So Friday night I donned my white vest, smart trousers, and shiny shoes, looking to channel my inner Kevin Bacon and show off what little I had learned in the five minutes of introductory dance classes I had found on Youtube. Arriving at the club I discovered Friday was, through look of the draw, one of the quieter nights. There was a decent crowd on the floor that night, yet leaving just enough room to cut loose and get footloose to my heart’s content. In many ways I feel as though the Night Owl is the antithesis of modern night clubs. You don’t go to the Night Owl to get drunk, or go out on the lash, or to go out on the pull. The best way to describe the Night Owl, synonymous with the whole Northern Soul movement, is that it’s all about the dancing. When you go there you won’t know all the songs being played, but realistically you’re not supposed to; in fact many of the DJs pride themselves on playing songs you won’t recognise, but you’ll like them anyway. Similarly at the bar, when you order a drink you’re not greeted with some concoction of fruit flavourings laced with cheap antifreeze. Drinks are for taste rather than intoxication, when you get something from the bar you can be sure it’s the good stuff. The staff are friendly and courteous, not at all as desensitised and coarse as the usual broad street bouncers and barmaids. Overall you get a sense that everything in the club is tailor made to create an enjoyable experience, from the comfortable leather sofas for relaxing, to the sprung wooden dancefloor to make those leg drops easier on the knees.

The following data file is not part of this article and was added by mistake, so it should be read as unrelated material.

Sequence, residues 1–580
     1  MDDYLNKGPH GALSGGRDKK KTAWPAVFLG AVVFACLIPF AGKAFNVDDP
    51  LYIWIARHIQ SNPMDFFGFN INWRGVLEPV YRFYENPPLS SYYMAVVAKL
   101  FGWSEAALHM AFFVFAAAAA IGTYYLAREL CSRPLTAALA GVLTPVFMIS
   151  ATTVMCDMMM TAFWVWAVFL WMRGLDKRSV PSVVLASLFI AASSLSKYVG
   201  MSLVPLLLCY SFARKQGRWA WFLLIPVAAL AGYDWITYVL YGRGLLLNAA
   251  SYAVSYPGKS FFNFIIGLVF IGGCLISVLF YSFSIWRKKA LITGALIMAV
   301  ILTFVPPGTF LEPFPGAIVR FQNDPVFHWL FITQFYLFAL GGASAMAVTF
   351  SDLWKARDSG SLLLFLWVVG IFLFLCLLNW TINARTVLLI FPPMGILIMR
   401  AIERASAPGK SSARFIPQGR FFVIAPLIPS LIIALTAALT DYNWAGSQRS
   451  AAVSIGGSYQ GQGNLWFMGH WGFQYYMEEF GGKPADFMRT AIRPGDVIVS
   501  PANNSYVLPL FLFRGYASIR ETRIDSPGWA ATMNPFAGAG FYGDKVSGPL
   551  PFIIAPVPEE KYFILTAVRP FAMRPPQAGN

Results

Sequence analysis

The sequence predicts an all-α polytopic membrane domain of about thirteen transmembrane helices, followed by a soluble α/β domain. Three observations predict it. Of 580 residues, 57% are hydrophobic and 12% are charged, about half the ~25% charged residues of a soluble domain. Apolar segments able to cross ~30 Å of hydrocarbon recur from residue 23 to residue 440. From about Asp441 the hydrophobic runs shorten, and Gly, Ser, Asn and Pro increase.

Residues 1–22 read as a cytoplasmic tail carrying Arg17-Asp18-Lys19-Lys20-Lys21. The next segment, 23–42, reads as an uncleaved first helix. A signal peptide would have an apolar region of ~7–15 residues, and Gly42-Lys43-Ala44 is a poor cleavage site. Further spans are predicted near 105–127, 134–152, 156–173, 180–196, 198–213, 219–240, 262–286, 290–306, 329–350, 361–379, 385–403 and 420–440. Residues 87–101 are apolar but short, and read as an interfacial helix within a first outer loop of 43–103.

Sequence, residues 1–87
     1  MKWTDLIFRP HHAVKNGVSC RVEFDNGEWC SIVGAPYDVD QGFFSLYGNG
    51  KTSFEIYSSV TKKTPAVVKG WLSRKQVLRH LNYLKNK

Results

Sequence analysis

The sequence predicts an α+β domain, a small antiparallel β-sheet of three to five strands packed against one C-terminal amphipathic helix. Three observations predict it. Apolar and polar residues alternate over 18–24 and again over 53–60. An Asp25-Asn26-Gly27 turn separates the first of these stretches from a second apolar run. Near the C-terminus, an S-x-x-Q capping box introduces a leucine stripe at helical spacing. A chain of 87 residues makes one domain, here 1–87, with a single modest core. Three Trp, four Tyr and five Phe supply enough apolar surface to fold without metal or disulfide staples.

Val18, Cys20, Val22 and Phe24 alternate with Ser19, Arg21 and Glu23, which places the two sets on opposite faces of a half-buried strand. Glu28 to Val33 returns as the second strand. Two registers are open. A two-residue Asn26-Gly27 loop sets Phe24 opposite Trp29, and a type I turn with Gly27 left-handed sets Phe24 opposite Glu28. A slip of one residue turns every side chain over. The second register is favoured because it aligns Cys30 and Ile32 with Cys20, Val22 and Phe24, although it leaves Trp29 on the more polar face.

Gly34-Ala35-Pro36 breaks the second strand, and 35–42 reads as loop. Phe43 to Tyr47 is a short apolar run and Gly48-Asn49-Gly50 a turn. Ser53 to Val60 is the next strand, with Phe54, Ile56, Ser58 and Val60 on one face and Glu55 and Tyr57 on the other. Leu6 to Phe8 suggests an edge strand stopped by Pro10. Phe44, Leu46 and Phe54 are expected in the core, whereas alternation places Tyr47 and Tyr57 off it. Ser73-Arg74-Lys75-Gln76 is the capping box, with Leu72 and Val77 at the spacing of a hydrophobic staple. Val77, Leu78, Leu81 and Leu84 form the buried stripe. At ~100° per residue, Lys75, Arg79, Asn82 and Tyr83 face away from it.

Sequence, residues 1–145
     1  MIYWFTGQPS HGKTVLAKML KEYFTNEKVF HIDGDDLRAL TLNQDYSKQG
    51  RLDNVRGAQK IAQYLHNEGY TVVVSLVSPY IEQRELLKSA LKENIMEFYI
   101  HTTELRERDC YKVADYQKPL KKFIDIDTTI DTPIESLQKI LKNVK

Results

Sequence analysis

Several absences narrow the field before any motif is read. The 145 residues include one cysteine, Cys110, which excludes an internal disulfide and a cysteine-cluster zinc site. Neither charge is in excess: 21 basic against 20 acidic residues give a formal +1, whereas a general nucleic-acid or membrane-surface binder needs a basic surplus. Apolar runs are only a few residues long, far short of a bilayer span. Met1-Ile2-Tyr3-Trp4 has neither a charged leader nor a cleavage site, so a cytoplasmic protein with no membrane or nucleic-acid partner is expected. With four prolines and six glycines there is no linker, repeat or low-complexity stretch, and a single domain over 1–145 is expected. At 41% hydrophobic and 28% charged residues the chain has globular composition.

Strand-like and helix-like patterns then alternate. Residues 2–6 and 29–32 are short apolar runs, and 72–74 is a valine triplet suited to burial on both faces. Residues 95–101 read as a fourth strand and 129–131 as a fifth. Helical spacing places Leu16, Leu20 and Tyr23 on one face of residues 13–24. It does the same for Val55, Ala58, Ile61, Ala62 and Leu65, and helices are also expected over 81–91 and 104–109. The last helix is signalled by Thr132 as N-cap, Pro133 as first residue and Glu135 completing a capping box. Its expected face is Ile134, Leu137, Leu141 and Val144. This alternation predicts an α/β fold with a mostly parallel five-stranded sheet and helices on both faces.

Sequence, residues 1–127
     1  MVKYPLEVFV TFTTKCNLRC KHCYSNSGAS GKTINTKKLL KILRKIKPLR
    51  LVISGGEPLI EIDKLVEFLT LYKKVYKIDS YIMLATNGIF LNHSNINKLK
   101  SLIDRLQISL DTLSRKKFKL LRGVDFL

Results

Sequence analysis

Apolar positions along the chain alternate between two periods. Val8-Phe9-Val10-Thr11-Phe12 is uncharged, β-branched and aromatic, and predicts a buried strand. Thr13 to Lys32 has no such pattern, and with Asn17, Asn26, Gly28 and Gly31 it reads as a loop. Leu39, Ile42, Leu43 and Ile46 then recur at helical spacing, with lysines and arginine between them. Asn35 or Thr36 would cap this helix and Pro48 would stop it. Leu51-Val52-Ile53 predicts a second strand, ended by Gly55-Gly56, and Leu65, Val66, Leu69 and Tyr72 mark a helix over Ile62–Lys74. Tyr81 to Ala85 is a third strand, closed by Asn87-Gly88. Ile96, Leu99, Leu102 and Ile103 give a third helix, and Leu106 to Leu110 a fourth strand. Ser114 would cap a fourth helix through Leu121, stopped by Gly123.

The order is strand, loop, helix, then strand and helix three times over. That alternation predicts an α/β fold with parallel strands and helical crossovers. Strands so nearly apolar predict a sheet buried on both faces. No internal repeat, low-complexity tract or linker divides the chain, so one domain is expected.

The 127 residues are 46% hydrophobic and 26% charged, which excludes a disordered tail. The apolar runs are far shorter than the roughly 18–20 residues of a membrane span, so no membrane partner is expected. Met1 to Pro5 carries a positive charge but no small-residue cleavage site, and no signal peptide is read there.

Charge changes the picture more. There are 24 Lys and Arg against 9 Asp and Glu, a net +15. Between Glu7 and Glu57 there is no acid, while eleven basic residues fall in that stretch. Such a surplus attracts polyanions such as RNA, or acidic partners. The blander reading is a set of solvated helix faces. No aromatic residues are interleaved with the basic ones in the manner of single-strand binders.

My frightfully sore feet rested easily from Friday’s antics as I took the next two days to enjoy the less frantic of the Night Owl’s celebrations. Thankfully for me, I managed to take this time indulging my weakness for Carribean BBQ. Nothing replenishes the health better than a plate of Jerk Chicken. Both afternoons were catered by Errol Morris of Yumyums catering, and after hearing people rave about it all Friday night I was happy to confirm that the rumours had not been exaggerated. As I sat down to my delicious meal, taking in the DJ sets around mid-afternoon, I took Saturday to talk to a few of the regulars and even sneak in one or two interviews with the people in charge of running the club. Sunday was a smashing day, after spreading the gospel of Errol’s jerk chicken I even brought along a friend to join me (which the Night Owl were kind enough to let me bring along). The last afternoon had a vintage clothing sale, vinyl stalls, and live music. The Heels were playing when I arrived, a band familiar to many who frequent the live music scene in Birmingham, known for their great mix of Ska, Reggae and Soul. I finished up my last day by interviewing one of the masterminds behind the Night Owl, Richard Priest, who had been around during the peak of Northern Soul at the Wigan Casino. The interview gave a nice perspective on the music and the club in general. Seeing how each of the owners and members of the Night Owl have worked together to make such a venue possible was fascinating to observe. If you sat down and spoke to one of the regulars there you could see the passion that they had for the venue. All the music, the decorations, the dancing, it was a spark of culture that we didn’t know we missed until it was dropped on our doorstep. Looking back I wish I had mustered the strength to jump into the Saturday and Sunday all-nighters, yet looking forward I can see many future all-nighters spent in a little corner of Digbeth that’s thumpin’ to the beat of my heart.”